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How to make money on Volatility before earnings?


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  #21 (permalink)
Greg Loehr
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AAPL calendar is up 46%; GD strangle is down 5%. Put them together and that's a nice return for one day.

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  #22 (permalink)
 
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 Cogito ergo sum 
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Greg Loehr View Post
AAPL calendar is up 46%; GD strangle is down 5%. Put them together and that's a nice return for one day.

The BID ASK spread is pretty wide on the AAPL calendar, how did you unwind the trade?

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  #23 (permalink)
 
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Greg Loehr View Post
By ITM, do you mean one option or both options ITM? Not sure how that increases the chances of profit.

Sorry I should have said it decreases the degree of losses relative to the investment. I mean buying both options ITM btw. It requires a bigger investment, but the profit potential is still unlimited while it is impossible to lose 100% of your investment. Both options have intrinsic value, so any intrinsic value you lose on the call is added onto the put and vice versa.

Since the options are both in the money, your exposure to high IV prior to earnings is greatly reduced.

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  #24 (permalink)
Greg Loehr
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As for the calendar and wide bid/ask spreads: no reason to close calendar yet because I think the price will continue to improve. The wide bid/ask spreads aren't necessarily a problem because I know AAPL is very liquid.

As for the ITM strangle: that trade is no different than buying the OTM strangle with the same strikes. You're paying for the real value of the options, which just offsets and does nothing for you.

It gives you no advantage, but probably costs you more in slippage because of the wide bid/ask spreads.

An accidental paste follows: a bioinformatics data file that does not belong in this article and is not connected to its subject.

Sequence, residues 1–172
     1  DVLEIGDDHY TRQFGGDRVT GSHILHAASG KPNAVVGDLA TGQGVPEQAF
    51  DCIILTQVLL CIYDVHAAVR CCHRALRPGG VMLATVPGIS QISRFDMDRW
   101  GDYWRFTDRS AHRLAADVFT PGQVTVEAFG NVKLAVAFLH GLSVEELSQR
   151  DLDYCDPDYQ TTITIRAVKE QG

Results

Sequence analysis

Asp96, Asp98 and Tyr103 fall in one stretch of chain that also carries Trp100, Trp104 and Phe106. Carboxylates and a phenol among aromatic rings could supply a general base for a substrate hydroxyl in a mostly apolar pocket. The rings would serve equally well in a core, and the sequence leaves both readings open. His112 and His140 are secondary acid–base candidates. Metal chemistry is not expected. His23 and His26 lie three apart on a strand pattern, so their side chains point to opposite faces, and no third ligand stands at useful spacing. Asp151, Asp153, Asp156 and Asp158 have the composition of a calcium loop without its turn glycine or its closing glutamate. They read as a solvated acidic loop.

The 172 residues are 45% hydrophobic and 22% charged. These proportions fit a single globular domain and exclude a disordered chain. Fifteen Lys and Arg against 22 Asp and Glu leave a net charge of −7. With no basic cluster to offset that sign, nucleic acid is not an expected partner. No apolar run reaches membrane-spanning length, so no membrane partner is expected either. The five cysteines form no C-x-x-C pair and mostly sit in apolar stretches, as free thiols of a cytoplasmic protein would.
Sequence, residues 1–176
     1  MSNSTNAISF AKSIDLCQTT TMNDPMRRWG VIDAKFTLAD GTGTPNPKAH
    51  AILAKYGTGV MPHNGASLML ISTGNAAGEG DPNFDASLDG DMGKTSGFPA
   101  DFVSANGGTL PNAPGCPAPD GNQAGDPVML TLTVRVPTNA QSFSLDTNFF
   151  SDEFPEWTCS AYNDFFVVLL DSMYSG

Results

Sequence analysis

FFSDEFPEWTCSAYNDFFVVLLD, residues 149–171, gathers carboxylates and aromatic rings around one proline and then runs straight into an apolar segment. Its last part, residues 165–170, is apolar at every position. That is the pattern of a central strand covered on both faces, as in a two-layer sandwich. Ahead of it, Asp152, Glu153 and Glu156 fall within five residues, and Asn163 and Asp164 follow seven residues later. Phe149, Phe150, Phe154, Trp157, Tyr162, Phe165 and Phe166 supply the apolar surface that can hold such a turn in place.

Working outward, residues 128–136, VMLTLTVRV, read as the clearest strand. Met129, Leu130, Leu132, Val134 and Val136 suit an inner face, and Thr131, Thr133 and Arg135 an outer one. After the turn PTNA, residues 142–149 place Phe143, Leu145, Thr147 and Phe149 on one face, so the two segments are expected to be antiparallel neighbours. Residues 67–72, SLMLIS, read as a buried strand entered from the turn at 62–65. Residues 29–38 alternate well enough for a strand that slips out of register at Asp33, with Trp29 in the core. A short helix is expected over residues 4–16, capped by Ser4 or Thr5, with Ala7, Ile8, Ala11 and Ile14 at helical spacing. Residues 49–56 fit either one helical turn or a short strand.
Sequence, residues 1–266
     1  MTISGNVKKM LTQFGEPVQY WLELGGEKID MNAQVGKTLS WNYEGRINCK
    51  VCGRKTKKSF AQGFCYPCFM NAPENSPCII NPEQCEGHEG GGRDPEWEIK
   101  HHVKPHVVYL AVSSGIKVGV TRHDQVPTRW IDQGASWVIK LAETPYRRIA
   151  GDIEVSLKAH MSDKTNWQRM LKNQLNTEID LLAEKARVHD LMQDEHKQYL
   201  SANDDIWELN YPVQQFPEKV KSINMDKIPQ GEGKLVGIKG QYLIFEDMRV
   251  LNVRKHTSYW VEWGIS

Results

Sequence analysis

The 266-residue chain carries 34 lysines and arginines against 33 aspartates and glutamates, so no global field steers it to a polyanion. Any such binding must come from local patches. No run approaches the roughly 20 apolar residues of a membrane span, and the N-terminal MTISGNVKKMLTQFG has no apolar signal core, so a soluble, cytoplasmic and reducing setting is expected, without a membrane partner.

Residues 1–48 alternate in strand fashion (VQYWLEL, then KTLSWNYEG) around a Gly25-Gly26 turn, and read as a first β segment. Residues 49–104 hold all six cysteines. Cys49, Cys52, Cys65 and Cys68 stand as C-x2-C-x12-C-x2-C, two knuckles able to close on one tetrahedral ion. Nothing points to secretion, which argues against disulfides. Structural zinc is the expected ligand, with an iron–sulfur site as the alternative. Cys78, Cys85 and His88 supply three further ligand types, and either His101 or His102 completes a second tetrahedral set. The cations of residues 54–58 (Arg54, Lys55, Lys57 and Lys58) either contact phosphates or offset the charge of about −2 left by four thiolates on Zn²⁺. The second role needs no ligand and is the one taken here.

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  #25 (permalink)
 
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Greg Loehr View Post
As for the calendar and wide bid/ask spreads: no reason to close calendar yet because I think the price will continue to improve. The wide bid/ask spreads aren't necessarily a problem because I know AAPL is very liquid.

As for the ITM strangle: that trade is no different than buying the OTM strangle with the same strikes. You're paying for the real value of the options, which just offsets and does nothing for you.

It gives you no advantage, but probably costs you more in slippage because of the wide bid/ask spreads.

I disagree. The intrinsic value of a OTM strangle is $0.00. If they don't get any intrinsic value after and Earnings Report, then they are will lose value dramatically as IV implodes. On the other hand, an ITM long strangle has intrinsic value... It is a strangle, so you are expecting a big move in one direction or another. Initially, all of profits you make on one leg will offset the losses on the other leg, but if the move is big enough, the profitable side of the spread will increase in value as the non-profitable side goes OTM and/or the delta drops compared to the profitable leg as price moves away from the strike price

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  #26 (permalink)
Greg Loehr
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It's not a matter of 'agreeing' about an ITM strangle versus an OTM. Synthetically, they're the same trade. Mathematically they're the same.

Assume stock is at $100. Buying the 95 put, 105 call strangle for $1 is the same as buying the 95 call, 105 put (ITM) strangle for $11.